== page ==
In reviewing your day, you are given the opportunity to see life as it is, rather than how you think it should be. You will notice times you were present and times when you were absent (perhaps in problem solving mode).

As you reflect on what you have been given today, you may find this insight humbling, perhaps feeling a deeper sense of gratitude and a natural desire to be generous in serving others.

What have I given today?

pet loveGo through the day’s events in the same way, but this time notice what you have given to others. Be as specific and concrete as possible. As above, your motivation is irrelevant. What did you actually do? It may have been as simple as feeding your pets, washing the breakfast dishes, or sending a friend a birthday card. You may find that without great fanfare you contribute to the well-being of many people and animals—you make a positive difference to the planet.

What difficulties and troubles did I cause today?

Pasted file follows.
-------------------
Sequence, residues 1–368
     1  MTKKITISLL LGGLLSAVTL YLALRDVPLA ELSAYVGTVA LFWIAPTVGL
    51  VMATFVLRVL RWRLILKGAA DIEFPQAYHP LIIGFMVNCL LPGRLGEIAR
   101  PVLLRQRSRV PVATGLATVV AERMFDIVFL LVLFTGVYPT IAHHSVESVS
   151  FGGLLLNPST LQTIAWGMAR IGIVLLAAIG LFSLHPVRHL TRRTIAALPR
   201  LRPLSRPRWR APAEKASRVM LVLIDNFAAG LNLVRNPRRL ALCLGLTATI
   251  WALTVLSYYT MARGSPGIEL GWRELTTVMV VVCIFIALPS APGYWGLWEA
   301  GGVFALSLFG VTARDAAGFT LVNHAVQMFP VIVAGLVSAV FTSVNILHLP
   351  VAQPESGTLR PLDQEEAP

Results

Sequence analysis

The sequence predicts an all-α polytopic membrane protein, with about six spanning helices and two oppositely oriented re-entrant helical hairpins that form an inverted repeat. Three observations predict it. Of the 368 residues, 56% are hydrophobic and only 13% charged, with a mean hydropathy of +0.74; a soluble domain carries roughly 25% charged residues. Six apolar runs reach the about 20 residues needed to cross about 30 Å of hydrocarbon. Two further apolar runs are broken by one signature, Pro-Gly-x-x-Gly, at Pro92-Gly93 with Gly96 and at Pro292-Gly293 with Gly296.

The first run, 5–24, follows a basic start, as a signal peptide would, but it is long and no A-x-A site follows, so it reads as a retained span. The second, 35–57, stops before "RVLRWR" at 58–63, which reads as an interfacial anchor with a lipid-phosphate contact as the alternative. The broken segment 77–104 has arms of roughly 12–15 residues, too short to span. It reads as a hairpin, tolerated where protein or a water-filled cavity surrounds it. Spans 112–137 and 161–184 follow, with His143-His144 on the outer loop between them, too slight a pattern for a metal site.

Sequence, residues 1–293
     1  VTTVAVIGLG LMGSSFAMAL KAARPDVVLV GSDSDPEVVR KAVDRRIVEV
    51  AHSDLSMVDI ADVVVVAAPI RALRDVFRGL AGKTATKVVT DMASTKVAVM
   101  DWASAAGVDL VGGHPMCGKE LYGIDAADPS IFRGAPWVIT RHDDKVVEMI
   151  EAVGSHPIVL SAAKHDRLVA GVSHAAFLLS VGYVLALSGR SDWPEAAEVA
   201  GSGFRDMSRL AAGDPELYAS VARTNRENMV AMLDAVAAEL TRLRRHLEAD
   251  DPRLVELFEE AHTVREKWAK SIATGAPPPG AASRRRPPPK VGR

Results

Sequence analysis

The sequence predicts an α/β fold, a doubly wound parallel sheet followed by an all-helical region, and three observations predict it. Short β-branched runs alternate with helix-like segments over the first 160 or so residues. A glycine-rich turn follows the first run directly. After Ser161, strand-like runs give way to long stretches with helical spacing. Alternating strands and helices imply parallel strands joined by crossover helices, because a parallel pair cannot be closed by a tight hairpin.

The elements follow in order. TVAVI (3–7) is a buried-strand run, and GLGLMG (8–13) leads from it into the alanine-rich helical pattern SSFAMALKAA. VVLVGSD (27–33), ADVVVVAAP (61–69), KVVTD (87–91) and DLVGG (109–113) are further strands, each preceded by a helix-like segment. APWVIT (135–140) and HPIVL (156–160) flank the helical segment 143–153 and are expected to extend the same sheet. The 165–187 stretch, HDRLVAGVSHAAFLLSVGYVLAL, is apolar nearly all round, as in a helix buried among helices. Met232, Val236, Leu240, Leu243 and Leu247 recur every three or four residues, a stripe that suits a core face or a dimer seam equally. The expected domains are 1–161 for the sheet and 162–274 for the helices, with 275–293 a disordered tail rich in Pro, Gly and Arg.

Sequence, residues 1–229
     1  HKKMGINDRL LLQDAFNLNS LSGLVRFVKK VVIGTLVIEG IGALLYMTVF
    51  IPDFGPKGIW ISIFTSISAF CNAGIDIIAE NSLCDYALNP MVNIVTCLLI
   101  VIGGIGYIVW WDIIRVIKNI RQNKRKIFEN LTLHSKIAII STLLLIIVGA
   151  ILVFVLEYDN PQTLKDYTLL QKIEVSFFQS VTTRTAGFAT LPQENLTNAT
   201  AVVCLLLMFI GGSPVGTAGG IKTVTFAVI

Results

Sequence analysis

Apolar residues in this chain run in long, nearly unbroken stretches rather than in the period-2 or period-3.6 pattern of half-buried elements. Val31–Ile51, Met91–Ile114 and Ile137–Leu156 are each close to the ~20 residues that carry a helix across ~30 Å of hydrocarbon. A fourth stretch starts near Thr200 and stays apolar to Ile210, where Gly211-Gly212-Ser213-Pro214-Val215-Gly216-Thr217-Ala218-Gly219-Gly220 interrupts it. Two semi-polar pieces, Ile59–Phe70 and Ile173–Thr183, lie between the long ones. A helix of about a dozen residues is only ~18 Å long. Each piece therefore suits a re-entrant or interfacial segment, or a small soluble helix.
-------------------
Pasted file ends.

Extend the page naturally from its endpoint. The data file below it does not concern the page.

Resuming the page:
Again, be specific. Don’t overlook the seemingly insignificant. Your list may include things like “I backed up traffic while looking for a place to park” or “I moved the kids off the lounge so I could sit there.” This question is often the hardest, but its importance cannot be overstated. It may bring up feelings of remorse, but its primary purpose is to provide a more realistic view of your life.

In general, we are all too aware of how others cause us inconvenience or difficulty, but rarely do we notice when we are the source of inconvenience. And if we do, we usually brush it aside as an accident, not that big a deal, or simply something we didn’t mean to do. We cut ourselves a huge length of slack! But seeing how you cause others difficulty can deflate your ego while reminding you again of the grace by which you live.